“Yes, I know,” said Prudence. “But what on earth makes you think I would let him hide out here? Don’t you think if he knows you’re out looking for him he’s probably already fled Puna?”

“You think he’s gonna run?”

“Of course he will. Unless he’s down at Kehena with his head stuck in the sand.”

One of the cousins shook his head. “No, he’s not at Kehena. We already looked.”

Pualani and the Rinpoche were in her car, barely moving along the village road. “What is going on…?!” They were only just past the Post Office and traffic was at a standstill.

In the passenger seat, the Rinpoche grew anxious. He leaned out the window and waved at an old hippie who was walking along the edge of the road. The hippie approached the car and stopped. His long, knotted hair and the ratty clothes he wore were flapping in the hot wind.

“What’s going on?” demanded the Rinpoche.

“Nothing, man. Just heading to the kava bar.”

“Not with you, I mean up ahead.”

“Oh, the roadblock.”

“Roadblock? What for?”

“Dunno. DUI check?”

“They wouldn’t do that during daylight,” said Pualani.

The Rinpoche looked at her: “Do you think they’re looking for me?”

Pualani leaned over the Rinpoche’s shoulder and asked the hippie where exactly the roadblock was.

The hippie vaguely shrugged. “By the police station. Couple cop cars and some locals.”

The Rinpoche dipped his head. “Namaste.” He looked to Pualani anxiously: “Is there any way around it?”

Pualani sat back in her seat and had to think for a minute. She inched the car forward and in her mind traced a map of Puna and all possible routes out. She said nothing and then abruptly made a u-turn, heading back through the center of town.

Meanwhile, the old hippie moved along, the southern winds blowing his rags sideways, away from the line of slow-moving traffic.

Prudence and Lau Lau hiked up the makeshift road, after having gone down to take a look at the new driveway that Kam had carved into the jungle.

“Road’s looking good,” said Lau Lau. “Knows how to work a dozer, that brother.”


The breezes of earlier in the day had become long heaving gusts of wind, and the tall cane grass swooped down around them as they headed up to the house.

“You found somebody to rent the ‘ohana?” asked Lau Lau.

“Not yet. I just started looking. Do you know anyone?”

Lau Lau thought for a moment. “Nope. Sorry.”

They walked together with the nearness of friends, the wind every so often pushing Prudence, causing her to brush up against Lau Lau. “That’s strong,” she said at first. Then the next time it happened: “Wow!”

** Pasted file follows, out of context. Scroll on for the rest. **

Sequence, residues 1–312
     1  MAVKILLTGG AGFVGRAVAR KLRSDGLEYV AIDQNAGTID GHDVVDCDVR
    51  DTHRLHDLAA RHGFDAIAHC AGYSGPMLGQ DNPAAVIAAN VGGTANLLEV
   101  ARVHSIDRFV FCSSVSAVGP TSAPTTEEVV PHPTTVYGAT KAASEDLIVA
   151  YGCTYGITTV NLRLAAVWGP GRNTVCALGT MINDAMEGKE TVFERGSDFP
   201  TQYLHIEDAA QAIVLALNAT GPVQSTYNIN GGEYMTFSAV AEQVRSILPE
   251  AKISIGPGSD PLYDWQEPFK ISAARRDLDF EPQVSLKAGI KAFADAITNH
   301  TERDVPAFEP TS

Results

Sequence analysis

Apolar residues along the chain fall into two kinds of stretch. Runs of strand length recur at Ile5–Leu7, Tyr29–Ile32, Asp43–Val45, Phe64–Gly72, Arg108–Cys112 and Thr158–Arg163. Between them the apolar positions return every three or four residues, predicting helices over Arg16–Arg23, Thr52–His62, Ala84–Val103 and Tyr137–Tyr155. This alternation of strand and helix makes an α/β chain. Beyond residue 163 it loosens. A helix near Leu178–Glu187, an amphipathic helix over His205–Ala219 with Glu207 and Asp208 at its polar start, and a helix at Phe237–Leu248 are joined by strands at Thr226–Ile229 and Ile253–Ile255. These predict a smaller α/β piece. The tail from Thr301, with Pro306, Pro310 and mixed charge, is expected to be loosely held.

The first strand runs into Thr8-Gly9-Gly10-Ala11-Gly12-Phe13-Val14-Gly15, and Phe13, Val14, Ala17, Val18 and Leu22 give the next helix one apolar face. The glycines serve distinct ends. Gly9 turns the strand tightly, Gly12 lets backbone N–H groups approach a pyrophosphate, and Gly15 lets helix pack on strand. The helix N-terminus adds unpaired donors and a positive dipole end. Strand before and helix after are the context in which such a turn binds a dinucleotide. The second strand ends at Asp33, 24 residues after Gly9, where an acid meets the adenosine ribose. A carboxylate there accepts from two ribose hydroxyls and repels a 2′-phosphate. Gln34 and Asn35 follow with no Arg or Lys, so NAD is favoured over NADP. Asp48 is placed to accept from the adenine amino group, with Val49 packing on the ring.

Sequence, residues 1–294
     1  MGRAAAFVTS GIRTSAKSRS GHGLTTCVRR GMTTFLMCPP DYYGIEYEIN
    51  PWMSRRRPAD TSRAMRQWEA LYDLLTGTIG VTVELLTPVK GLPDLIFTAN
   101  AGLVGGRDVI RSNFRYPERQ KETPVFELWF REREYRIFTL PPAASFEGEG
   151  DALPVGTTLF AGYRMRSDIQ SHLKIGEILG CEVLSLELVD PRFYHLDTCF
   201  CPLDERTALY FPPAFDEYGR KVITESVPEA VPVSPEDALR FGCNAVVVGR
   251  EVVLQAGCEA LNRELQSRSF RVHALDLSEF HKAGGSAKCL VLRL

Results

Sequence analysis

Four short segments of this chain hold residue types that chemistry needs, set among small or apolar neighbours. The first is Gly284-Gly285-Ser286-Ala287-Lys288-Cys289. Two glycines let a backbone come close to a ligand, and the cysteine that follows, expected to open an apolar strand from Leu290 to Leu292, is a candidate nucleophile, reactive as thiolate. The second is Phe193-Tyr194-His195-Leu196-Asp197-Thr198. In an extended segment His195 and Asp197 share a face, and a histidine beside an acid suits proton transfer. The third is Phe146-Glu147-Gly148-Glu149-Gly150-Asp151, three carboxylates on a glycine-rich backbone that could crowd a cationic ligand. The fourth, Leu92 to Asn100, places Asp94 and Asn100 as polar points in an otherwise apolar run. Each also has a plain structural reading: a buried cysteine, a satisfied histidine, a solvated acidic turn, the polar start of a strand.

Lau Lau simply smiled.

At one point Prudence asked him: “How’s your niece? Amoka’s daughter.”

“Kiele? She’s good. Thank you. Back in school.”

A third gust of wind blew even harder, and this time Prudence put her hand on the back of Lau Lau’s arm to steady herself from it. “This is crazy!” she laughed, and as she said that there was the sound of cracking in the jungle canopy up ahead. It was followed by a familiar threshing sound as a large branch crashed through trees on its way to the ground. “Uh-oh.”

“Albizia,” said Lau Lau.


The jungle that Prudence’s driveway runs through was filled with albizia trees. The first time she ever saw the trees they reminded her of ones she’d seen in pictures of Africa: massive, graceful beauties creating canopies of filtered light across the savanna. Here in Puna, though, they created dark shaded forests and were beautiful, but a nuisance. Much of Lower Puna was filled with them: the jungle outside of her house and the neighborhoods around Pahoa Town. They rose in large patches along the edges of the Highway from town until almost Ohalani Road. And although they were exquisite to observe, thick and tall and virile looking, they had shallow roots and a biology that caused them to shed their limbs in heavy wind or rain.

Prudence and Lau Lau turned the curve at the top of the makeshift road and reached the top of the hill. At the edge of the lawn they saw a large fallen branch lying there like a pale warrior, snapped into pieces, the frill of its leaves and branch tips littered all around.

“No good,” said Lau Lau. He looked down at the branch and then overhead.